Due to a plea deal that saw his offenses reduced to assault and battery, a teenage boy whose father works as an investigator for a state solicitor avoided going to jail for an alleged sex attack.
According to reports, Bowen Gray Turner, 19, was charged with first-degree criminal sexual conduct for dragging a woman named Chloe Bess behind a truck at a party in 2019, stripping her of her clothes and sexually assaulting her.
Turner was also charged with rapping a second victim, 18-year-old Dallas Stoller, who died suddenly in November 2021.
The charge against the teen serial rapist was later dismissed. Turner was also charged with a third rape in a different county, but those charges were also withdrawn.
Cause of Death: Dallas Hayer Stoller
Dallas Hayes Stoller, a Charleston College alumni, made the charges against Turner on October 7, 2018.
On November 24, 2021, Stoller passed away.
The cause of Dallas’ death, on the other hand, is unknown.
Photo credit: Facebook/Dallas Hayer Stoller
Miller told The T&D before Friday’s hearing that the Bamberg County charge is being dropped because Stoller is no longer living.
Dallas Stoller’s family believed the 2nd Circuit Solicitor’s Office was uninterested in her case.
“Dallas attended a party in Bamberg County,” Dallas’ father, Karl Stoller, told the court on Friday, April 8. She was carried home from the party highly inebriated, and later that night, after reporting to the Regional Medical Center in Orangeburg, she was discovered to have been sexually assaulted.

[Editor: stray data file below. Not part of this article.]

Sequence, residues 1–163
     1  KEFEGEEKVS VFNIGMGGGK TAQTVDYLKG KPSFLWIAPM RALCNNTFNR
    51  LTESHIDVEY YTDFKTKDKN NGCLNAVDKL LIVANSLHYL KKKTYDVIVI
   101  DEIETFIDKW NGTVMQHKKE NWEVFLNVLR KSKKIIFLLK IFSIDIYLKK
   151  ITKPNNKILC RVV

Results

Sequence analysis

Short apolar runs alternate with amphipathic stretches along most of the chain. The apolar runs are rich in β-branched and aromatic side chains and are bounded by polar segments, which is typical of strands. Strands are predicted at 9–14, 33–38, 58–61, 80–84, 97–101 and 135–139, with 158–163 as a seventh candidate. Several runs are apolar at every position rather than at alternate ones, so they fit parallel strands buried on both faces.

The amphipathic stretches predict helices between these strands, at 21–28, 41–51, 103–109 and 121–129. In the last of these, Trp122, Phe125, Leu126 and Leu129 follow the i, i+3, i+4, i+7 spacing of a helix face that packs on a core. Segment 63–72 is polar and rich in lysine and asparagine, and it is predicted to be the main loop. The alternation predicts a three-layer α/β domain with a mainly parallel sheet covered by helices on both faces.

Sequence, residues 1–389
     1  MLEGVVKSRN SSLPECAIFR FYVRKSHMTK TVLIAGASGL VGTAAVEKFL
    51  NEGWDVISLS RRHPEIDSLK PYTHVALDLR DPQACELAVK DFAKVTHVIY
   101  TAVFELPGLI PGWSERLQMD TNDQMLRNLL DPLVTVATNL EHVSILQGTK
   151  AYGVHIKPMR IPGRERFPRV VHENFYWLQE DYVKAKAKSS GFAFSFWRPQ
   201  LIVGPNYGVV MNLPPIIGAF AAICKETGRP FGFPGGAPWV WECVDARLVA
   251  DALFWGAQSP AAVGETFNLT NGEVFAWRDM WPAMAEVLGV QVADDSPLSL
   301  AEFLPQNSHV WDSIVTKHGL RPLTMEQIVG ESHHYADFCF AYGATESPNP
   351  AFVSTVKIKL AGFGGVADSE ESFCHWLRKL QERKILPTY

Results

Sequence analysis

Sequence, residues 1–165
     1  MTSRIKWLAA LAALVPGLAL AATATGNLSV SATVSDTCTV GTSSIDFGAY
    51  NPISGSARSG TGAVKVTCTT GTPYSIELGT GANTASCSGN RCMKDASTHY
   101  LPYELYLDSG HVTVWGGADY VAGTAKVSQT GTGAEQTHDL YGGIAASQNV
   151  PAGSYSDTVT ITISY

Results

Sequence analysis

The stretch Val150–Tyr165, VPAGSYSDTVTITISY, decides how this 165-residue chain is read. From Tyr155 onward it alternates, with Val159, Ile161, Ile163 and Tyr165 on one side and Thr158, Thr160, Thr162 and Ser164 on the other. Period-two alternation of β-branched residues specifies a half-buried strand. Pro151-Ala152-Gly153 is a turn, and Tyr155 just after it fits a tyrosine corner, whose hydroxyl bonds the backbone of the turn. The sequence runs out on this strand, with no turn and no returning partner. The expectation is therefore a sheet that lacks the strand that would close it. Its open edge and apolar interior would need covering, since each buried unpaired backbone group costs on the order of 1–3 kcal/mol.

He went on to say that his daughter “took the difficult decision to continue forward with the case, all the while knowing she would be the focus of personal assaults and insults in the community because of who her alleged attacker was.”
“Today’s events are nothing more than a public show with the intent for the defendant to spend no time in jail; apparently fully supported by the (Second Circuit) Solicitor’s Office – the one agency tasked with being the voice of the victims and doing the very best they could to find justice for them,” he said.
“If I felt and absolutely thought the families were well-represented by the solicitor’s office and they honestly did the best job they could,” he continued, “I could entirely accept whatever decision was made.”
“This is a terribly sad day for our state’s victims.”